For our visit to Amber Mountain National Park (Parc National Montagne d’Ambre)
(we opted not to have a car and driver as we were staying at the Litchi Tree, about 4K from the park office. On the way to the park we lucked out and got a ride with a young Swiss couple staying at the guest house who had a private driver.
Checking-in and Getting a Guide
At the park office we got an English speaking guide, Joel, for the walk through the park. Joel explained the map of the park and helped us select a route. With Don’s faltering knee we didn’t want to do too much and selected a medium 3-4 hour route that included a lake and a couple of cascades.
Once the route is selected we go back in the office to pay the fees – 55,000 ariary per adult park fee, 4,000 ariary miscellaneous and 60,000 ariary for the guide, about $53 USD total for 2 adults.
The first 3K of the walk is up the road to the campground making it 7K from town to the trail head. It would be an advantage to have a private driver so you could drive rather than walk the road portion.
Along the road Joel spots some chameleons, several blue noses. One had an actual blue nose signifying that he is happy.
Even in the dry season the park is quite green and pretty and was not as rainy as Lonely Planet indicates. According to Joel it hasn’t rained in the past 4 days. Today there is a mix of clouds and sun and windy with lots of cloud movement. It’s warm but a comfortable hiking temperature.
Joel explains about the plants’ uses and local culture, pointing out birds, insects, spiders and chameleons. We see only one group of lemurs high in a tree, much too high for me to get a good photo.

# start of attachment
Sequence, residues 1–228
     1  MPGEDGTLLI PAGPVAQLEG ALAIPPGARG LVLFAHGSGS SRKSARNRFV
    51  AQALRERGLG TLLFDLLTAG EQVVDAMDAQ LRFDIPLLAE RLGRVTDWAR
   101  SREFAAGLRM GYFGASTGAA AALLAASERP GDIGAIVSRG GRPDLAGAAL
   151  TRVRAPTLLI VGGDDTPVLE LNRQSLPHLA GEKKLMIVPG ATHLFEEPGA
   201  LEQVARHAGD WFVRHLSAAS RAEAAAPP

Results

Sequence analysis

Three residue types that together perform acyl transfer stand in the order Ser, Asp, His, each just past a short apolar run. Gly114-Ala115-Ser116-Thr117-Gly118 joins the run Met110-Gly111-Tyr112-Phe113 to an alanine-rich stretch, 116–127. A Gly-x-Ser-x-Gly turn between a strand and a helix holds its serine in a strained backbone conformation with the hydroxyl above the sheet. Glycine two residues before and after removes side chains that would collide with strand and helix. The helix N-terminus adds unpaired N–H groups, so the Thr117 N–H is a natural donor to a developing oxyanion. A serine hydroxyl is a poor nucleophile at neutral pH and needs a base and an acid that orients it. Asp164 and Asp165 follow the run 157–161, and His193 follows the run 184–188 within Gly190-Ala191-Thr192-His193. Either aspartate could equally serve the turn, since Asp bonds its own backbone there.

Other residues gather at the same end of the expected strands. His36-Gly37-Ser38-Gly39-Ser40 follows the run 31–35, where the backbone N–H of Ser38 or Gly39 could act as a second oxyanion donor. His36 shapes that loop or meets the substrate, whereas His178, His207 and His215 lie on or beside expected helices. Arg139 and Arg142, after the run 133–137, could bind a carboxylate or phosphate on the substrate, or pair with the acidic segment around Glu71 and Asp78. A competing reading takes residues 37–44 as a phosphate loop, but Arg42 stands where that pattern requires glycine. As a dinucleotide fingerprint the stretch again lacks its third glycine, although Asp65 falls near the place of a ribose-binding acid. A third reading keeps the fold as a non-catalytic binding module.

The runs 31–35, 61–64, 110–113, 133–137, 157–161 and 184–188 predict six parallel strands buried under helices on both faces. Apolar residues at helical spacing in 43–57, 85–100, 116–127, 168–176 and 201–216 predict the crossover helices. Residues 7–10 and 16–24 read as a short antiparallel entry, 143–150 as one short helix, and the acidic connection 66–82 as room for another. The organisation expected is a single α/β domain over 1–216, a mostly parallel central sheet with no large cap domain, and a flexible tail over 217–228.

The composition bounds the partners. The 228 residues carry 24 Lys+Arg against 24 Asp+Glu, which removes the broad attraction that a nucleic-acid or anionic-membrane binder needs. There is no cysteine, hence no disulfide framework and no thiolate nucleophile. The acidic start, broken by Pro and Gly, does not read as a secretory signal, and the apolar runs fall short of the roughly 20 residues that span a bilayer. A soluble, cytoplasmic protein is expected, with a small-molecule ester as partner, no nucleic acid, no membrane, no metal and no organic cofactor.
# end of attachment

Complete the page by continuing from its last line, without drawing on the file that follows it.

Path to the Lake
It takes just under an hour to reach a steep 1.5K path down to the lake. The last 400 meters is the steepest. We see a few birds on the way down and Joel demonstrates a strangler fig tree.
We stop for a break at the lake, a natural pool that is part of the water storage for Antsiranana (Diego Suarez). It’s not that pretty at this time of year.
Hervé, the owner of the Litchi Tree, packed a generous lunch for us – 4 bananas, crackers, sweet biscuits and 4 sandwiches – Swiss cheese with butter and liverwurst with cornichon.
Cascade Path and Sacred Pool
Back on the road we take a shortcut to the cascade path, another pretty forest walk with interesting plants and a few birds.
At the Sacred Pool Joel explains that when a full moon falls on a Saturday locals come to wash away the bad juju.
Out past the campground we run across another group who has spotted a leaf chameleon with the most impressive camouflage I’ve seen.
The camping area looks clean and pleasant, however, I wouldn’t say gorgeous as described in Lonely Planet.
Down the alley of exotic trees planted by the French we stopped to look in the leaves for the smallest chameleon in the world. The same color as the leaf litter you wouldn’t spot (her), the male is smaller, unless you know what you are looking for.
Past the top of the second cascade there is a steep drop down. Just past here is a viewpoint.
We wind through more forest and back out to the road. It’s 3K to the office. From the office it’s 3.5K back to town taking us about 35 minutes.
While greener than any place else we’ve been in Madagascar, Joffreville feels shabby with metal shacks and worn out traditional construction. Locals seem more jaded, like they’ve seen too many foreigners. Not the easy “salama” (hello) we experienced in the West.
October 2, 2016
For links to all the posts in this series see the Madagascar page.